A one-time in-office injection of an investigational gene therapy stabilized or improved diabetic retinopathy for up to a year, particularly in patients with nonproliferative diabetic retinopathy (NPDR), according to results of the ALTITUDE trial reported at the American Academy of Ophthalmology annual meeting.
In this exclusive MedPage Today video, lead investigator Mark R. Barakat, MD, of Retinal Consultants of Arizona in Phoenix, describes the results and future potential of this treatment.
Following is a transcript of his remarks:
Thanks so much for having me. We’ll be talking a little bit about the ALTITUDE trial, which of course is a phase II trial about AbbVie RGX-314, which is an AAV [adeno-associated virus] 8 vector, which encodes a monoclonal antibody for an anti-VEGF [vascular endothelial growth factor].
And this is a phase II trial for subjects with moderately severe, severe NPDR, and mild PDR [proliferative diabetic retinopathy]. They received one suprachoroidal injection, a one-time injection within the clinic, and then are followed for a year’s time, and with treatment as needed per physician directive. This is a dose-escalating trial, so these are results of the first two doses — so of course, one through three.
Importantly, this was safe. You always worry about, especially with gene therapy, inflammation, and there was a mild rate of about 12% of episcleritis, mild to moderate, 6% of intraocular inflammation, also mild, easily managed with topical therapy.
The main question, really the primary outcome, is progression in terms of disease severity, so DRSS [Diabetes Retinopathy Severity Scale] scores. And so in comparison to the control arm, as you might expect, the control arm got worse. About 37% or so had two-step worsening.
Now, in dose level one, that narrative is flipped, and so you have about 33% that actually had a two-step improvement. And in dose level two, you have about 20% that had a two-step improvement. And importantly, none had any worsening. If you look at just any improvement, there were some in the control group — about 25% of two thirds in a dose level one and 70% in dose level two with no worsening.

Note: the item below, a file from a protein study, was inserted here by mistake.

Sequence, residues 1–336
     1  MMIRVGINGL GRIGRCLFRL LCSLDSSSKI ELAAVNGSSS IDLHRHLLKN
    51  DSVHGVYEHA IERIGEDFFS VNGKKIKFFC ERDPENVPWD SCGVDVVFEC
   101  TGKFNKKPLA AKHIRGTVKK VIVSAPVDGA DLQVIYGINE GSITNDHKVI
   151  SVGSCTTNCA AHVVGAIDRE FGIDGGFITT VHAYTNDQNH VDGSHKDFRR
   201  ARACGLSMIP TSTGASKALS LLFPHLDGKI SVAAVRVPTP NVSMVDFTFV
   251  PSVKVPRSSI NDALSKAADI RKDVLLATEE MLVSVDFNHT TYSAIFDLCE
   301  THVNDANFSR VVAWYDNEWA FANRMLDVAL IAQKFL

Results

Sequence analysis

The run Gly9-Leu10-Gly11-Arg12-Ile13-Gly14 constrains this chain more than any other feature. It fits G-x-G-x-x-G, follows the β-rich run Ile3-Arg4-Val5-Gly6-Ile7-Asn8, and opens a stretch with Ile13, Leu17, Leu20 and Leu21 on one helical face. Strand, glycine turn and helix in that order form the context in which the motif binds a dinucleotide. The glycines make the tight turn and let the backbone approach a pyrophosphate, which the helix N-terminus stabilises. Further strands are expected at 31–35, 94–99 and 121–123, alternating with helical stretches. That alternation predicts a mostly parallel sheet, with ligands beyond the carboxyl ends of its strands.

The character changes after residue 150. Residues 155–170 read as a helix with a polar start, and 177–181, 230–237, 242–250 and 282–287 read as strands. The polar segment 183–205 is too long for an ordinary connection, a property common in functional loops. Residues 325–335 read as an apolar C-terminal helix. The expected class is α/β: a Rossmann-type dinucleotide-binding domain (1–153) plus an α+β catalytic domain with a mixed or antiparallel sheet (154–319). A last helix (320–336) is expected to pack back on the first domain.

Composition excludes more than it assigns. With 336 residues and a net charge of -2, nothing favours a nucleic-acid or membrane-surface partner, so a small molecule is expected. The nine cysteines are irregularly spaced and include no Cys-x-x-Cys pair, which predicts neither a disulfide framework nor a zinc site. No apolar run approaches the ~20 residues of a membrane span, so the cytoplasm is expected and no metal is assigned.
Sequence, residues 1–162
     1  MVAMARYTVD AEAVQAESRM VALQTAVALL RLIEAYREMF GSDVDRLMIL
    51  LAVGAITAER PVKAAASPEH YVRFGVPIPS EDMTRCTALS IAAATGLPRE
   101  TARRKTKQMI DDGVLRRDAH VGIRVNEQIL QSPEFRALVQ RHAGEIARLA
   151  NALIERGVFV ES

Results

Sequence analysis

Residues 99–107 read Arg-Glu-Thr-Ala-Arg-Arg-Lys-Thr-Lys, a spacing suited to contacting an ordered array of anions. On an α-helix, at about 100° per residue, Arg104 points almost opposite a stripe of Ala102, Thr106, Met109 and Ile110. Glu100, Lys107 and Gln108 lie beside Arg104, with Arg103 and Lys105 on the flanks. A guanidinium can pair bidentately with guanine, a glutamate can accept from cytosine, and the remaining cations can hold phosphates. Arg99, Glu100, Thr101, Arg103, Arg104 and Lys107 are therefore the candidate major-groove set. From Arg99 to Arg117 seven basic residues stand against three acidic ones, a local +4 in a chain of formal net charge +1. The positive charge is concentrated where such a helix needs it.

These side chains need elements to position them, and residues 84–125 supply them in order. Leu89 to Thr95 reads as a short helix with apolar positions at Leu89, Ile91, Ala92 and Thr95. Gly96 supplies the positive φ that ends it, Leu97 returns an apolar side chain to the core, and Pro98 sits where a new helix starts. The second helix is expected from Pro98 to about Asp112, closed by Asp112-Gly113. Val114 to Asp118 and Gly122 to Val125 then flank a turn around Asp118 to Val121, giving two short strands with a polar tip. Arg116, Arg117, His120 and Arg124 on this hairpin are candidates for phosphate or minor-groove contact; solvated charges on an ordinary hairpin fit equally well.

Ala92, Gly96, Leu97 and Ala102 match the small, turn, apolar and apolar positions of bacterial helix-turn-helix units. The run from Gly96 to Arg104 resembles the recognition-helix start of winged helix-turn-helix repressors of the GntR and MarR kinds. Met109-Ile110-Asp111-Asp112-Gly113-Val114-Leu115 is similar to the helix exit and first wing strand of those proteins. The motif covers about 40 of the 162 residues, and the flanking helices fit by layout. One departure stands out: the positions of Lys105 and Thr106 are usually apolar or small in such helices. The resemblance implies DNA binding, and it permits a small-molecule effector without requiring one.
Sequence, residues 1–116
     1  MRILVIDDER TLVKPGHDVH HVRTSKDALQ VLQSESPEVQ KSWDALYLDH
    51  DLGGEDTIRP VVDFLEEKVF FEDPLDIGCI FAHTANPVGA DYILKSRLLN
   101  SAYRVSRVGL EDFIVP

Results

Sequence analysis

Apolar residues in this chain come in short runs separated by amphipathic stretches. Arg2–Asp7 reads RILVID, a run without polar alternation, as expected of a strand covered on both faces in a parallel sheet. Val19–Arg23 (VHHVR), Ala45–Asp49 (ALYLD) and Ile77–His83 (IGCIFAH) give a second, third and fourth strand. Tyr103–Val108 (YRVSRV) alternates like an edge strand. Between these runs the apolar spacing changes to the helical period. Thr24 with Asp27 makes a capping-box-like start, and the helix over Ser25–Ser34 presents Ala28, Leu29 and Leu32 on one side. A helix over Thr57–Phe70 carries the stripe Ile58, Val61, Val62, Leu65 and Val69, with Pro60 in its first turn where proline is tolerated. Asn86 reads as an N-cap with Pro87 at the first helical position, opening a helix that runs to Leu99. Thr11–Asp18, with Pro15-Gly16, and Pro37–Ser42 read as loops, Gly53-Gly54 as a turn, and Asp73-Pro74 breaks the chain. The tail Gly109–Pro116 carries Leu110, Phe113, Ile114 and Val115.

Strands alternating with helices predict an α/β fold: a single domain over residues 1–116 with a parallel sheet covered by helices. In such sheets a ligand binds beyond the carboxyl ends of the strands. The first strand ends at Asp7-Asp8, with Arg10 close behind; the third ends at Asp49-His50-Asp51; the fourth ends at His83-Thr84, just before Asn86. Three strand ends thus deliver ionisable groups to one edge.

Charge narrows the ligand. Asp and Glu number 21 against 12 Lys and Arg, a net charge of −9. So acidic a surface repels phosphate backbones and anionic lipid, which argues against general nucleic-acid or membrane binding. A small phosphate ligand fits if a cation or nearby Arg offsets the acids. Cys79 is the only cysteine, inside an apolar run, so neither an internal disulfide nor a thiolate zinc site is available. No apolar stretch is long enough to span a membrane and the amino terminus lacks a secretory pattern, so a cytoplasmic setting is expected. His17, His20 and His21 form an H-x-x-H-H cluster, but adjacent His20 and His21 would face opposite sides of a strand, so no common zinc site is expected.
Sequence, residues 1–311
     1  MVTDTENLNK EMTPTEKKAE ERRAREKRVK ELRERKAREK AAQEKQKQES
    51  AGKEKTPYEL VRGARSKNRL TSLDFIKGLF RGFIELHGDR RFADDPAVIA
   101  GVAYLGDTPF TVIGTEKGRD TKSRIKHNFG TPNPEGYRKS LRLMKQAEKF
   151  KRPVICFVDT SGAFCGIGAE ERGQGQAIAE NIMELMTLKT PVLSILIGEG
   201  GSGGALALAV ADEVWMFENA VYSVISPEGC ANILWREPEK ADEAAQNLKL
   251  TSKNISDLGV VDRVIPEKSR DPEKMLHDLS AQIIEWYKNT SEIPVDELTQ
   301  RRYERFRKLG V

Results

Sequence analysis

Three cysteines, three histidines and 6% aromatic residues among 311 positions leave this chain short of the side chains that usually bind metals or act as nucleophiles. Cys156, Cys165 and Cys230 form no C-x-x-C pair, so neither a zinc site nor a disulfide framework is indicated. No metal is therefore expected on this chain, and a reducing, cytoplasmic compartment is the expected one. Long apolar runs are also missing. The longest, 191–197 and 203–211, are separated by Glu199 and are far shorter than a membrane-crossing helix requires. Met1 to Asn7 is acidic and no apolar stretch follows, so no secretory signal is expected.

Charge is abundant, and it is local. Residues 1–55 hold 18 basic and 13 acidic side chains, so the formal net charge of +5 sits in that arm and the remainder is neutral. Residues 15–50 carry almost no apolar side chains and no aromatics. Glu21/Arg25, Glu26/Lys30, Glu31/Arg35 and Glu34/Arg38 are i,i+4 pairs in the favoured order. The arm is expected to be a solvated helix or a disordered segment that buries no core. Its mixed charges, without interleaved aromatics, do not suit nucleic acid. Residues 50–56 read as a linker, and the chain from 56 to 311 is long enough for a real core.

Now that’s all well and good. You need to have an approvable endpoint for the FDA. But ultimately as a physician, what do you care about? You care about disease and you care about vision-threatening events. In this case, vision-threatening events, progression of proliferative diabetic retinopathy, and secondary neovascularization, also DME [diabetic macular edema], of course.
And so if you look at the control group, about 37% had progression to vision-threatening events. And in dose level two, it went all the way down to 4.2%. So an 89% reduction with a one-time in-office treatment that was well tolerated over the course of 1 year.
And so the ramifications of this, of course, are if you have something that can be administered one time in the office, in a safe manner, in a patient population that we tend not to treat because of the treatment burden that’s required in frequent anti-VEGF injections, that might change the paradigm of how we approach these patients going forward.
So, of course, there are more doses to come. This was done in the absence of steroid prophylaxis, so this is something else that needs to be discussed. But this is very exciting data.